Hewison v Meridian Shipping Pte, Coflexip Stena Offshore Ltd, Flex Installer Offshore Ltd: CA 11 Dec 2002

The claimant was awarded damages for injuries suffered in his work as a seaman. The respondents claimed that he should not receive damages, since he had made false declarations as to his health in order to obtain employment, hiding his epilepsy condition.
Held: Clunis established that the court would not support an action founded upon an illegal or immoral act. Here the action for the loss of future earnings was founded on the possibility of his continued unlawful employment. (Ward LJ dissenting)
Clarke LJ, with whom Tuckey LJ agreed, said: ‘It is common ground that there are cases in which public policy will prevent a claimant from recovering the whole of the damages which, but for the rule of public policy, he would otherwise have recovered. The principle can perhaps be stated as a variation of the maxim so that it reads ex turpi causa non oritur damnum, where the damnum is the loss which would have been recovered but for the relevant illegal or immoral act. A classic example is the principle that a person who makes his living from burglary cannot have damages assessed on the basis of what he would have earned from burglary but for the defendant’s negligence.
To my mind the authorities support that approach. They seem to me to support the proposition that where a claimant has to rely upon his or her own unlawful act in order to establish the whole or part of his or her claim the claim will fail either wholly or in part . . In the present context the principle can be seen from the decision of this court in Hunter v Butler [1996] RTR 396, although it has to be said that the case does give rise to some difficulties of interpretation . . The principle applied by Hobhouse LJ is, as I see it, that stated at p 405b, namely: ‘If a plaintiff comes to court and asserts as part of her case that she would have committed criminal acts and bases her claim on such an assertion she cannot recover in a court of law on that basis.’ That appears to me to be substantially the same test as that adopted in the ex turpi causa non oritur actio cases, as stated in the passage from the judgment of Beldam LJ in the Clunis case [1998] QB 978 . .
I am not sure whether it is quite the same principle as that applied by Waite LJ but it does not seem to me necessary to consider that question further because, since Hirst LJ agreed with the judgment of Hobhouse LJ and since the principle just stated is part of the ratio decidendi of Hunter v Butler, we are bound to follow it. . .
In my opinion Hobhouse LJ must have had in mind a case where the claimant bases his or her claim upon his or her unlawful act in a substantial way. It is not, however, in my opinion sufficient that he or she has been party to some collateral or insignificant illegality or unlawful act. Thus, . . a claimant is entitled to be compensated for his loss of earnings even though he had in the past failed to disclose them to the Inland Revenue . . .’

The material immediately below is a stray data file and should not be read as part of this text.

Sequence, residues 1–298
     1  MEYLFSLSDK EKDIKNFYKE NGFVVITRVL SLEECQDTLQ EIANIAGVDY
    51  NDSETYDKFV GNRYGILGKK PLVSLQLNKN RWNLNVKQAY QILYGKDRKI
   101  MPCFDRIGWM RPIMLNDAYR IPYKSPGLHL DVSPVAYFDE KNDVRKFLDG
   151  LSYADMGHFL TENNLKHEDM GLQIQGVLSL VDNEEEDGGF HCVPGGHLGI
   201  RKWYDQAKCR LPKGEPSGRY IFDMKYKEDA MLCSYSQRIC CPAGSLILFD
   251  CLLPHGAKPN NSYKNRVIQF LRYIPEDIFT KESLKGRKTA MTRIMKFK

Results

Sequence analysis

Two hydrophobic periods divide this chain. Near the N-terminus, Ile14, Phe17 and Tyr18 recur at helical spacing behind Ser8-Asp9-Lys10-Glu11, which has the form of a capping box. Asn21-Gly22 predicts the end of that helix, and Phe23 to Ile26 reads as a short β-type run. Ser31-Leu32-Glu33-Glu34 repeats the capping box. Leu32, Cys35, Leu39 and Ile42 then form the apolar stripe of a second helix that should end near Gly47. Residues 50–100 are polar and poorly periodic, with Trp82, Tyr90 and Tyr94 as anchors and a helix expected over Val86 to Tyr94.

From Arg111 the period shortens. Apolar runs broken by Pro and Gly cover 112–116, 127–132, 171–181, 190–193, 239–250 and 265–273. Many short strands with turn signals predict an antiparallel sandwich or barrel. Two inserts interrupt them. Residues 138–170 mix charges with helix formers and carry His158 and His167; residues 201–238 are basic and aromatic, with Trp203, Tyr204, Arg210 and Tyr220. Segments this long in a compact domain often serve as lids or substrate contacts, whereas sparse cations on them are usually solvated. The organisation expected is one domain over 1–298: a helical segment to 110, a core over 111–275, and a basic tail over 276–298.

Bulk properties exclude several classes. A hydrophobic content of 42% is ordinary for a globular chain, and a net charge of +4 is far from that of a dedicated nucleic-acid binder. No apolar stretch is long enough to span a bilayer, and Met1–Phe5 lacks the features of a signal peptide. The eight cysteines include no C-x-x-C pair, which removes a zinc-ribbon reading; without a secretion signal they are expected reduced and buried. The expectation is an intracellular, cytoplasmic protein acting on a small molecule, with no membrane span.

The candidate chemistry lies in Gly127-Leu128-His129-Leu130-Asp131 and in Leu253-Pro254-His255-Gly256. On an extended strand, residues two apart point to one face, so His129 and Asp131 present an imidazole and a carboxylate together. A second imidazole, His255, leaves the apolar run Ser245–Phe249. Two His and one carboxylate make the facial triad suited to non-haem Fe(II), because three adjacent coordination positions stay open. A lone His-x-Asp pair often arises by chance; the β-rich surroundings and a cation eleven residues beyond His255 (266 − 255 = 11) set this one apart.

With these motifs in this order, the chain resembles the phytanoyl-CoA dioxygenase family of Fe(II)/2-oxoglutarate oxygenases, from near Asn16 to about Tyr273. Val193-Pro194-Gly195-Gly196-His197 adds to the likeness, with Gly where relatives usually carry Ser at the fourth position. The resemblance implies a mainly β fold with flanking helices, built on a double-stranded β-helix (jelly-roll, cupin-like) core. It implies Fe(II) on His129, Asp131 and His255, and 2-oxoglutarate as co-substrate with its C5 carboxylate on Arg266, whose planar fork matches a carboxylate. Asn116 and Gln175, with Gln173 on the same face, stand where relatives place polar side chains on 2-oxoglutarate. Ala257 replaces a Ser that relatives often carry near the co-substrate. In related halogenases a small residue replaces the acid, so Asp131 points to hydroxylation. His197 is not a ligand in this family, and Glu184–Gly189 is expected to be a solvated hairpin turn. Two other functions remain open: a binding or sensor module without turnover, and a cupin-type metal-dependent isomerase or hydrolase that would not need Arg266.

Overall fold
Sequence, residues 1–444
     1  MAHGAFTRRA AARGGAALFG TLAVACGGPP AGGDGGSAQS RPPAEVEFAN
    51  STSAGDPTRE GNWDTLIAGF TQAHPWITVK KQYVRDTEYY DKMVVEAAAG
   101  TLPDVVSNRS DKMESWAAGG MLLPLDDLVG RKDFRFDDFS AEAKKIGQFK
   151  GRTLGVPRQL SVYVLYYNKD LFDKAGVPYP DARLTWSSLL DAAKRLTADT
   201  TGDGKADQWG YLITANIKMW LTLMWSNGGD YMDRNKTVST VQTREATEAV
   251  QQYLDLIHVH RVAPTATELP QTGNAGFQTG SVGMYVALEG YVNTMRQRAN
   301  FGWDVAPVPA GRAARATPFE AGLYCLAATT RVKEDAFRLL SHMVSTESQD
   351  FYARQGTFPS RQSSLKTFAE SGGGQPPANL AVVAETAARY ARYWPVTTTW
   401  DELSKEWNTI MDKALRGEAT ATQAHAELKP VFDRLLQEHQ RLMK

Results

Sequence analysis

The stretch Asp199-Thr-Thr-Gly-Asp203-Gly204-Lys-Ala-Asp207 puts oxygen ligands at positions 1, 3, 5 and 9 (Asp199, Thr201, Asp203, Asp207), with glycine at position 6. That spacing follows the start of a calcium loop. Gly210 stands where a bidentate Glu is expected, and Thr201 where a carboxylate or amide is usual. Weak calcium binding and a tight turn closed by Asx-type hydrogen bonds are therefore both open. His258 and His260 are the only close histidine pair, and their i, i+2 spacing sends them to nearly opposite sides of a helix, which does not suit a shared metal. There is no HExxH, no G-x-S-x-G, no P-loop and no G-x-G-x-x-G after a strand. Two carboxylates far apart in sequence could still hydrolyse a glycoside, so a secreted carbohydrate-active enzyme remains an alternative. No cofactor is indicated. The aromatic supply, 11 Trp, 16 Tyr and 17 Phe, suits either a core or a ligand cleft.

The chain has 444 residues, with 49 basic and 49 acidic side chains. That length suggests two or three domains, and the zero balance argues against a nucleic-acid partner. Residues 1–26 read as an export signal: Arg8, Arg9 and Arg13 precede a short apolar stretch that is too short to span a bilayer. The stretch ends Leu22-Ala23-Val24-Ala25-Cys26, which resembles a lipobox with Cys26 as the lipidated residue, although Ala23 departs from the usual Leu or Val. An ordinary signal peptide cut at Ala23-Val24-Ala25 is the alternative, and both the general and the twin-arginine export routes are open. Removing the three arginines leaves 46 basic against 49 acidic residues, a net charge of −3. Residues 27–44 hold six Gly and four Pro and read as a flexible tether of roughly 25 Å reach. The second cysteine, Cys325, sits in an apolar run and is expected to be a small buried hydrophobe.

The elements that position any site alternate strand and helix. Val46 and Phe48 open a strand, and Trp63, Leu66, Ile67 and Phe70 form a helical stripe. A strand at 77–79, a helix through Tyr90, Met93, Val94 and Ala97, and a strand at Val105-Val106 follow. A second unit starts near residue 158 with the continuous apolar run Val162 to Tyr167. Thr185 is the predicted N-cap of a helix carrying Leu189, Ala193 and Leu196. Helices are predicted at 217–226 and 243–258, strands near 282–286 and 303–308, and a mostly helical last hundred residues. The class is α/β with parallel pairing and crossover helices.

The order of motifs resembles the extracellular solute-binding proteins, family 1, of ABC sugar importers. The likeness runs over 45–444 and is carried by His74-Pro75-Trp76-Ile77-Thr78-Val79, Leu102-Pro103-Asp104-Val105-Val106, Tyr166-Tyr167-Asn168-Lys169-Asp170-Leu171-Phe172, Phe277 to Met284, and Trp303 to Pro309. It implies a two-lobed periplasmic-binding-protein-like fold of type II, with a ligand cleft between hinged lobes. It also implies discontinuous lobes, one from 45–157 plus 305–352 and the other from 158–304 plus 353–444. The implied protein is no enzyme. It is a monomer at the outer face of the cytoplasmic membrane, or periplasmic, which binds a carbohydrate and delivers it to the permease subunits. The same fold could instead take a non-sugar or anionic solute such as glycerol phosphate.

Lord Justice Clarke, Lord Justice Ward, Lord Justice Tuckey


Times 28-Dec-2002, [2002] EWCA Civ 1821, [2003] PIQR 252, [2003] ICR 766, [2002] All ER (D) 146




England and Wales


CitedClunis (By his Next Friend Prince) v Camden and Islington Health Authority CA 5-Dec-1997
The plaintiff had killed someone and, as a result, been convicted of manslaughter and ordered to be detained in a secure hospital when subject to after-care under section 117 of the 1983 Act. He sought damages from the health authority on the basis . .
CitedHunter v Butler 1986
. .
Appeal fromHewison v Meridian Shipping Services Pte Ltd, Coflexip Stena Offshore Ltd, Flex Installer Offshore Ltd QBD 30-Nov-2001
The applicant had been severely injured at work. He was an epileptic, and had not disclosed his condition to his employers, who because of the safety aspects of the work on oil rigs could not have employed him if he had disclosed the sickness. The . .
CitedEuro-Diam Ltd v Bathurst CA 1988
The court had found that securities had been registered misleadingly in the US. The court held that it could not aid illegality. The court considered the defence of ‘ex turpi cause non oritur actio’. Kerr L.J: ‘The ex turpi causa defence ultimately . .

Cited by:

CitedGray v Thames Trains Ltd and Another CA 25-Jun-2008
The claimant was a victim of the Ladbroke Grove rail crash. He later committed and was convicted of a manslaughter and detained under the 1983 Act. He said that the accident had caused a major personality change. The defendant relied on the defence . .
CitedCheltenham Borough Council v Laird QBD 15-Jun-2009
The council sought damages saying that their former chief executive had not disclosed her history of depressive illness when applying for her job.
Held: The replies were not dishonest as the form could have been misconstrued. The claim failed. . .
CitedMoore Stephens (A Firm) v Stone Rolls Ltd (in liquidation) HL 30-Jul-2009
The appellants had audited the books of the respondent company, but had failed to identify substantial frauds by an employee of the respondent. The auditors appealed a finding of professional negligence, relying on the maxim ex turpi causa non . .
CitedSoutzos v Asombang and Others ChD 21-Jun-2011
The claimant had obtained a freezing order against the defendants. His claim having been dismissed, the court now considered if and what damages should be paid under the cross-undertaking he had given.
Held: Setting out and applying the . .
Lists of cited by and citing cases may be incomplete.

Damages, Personal Injury

Updated: 06 June 2022; Ref: scu.178451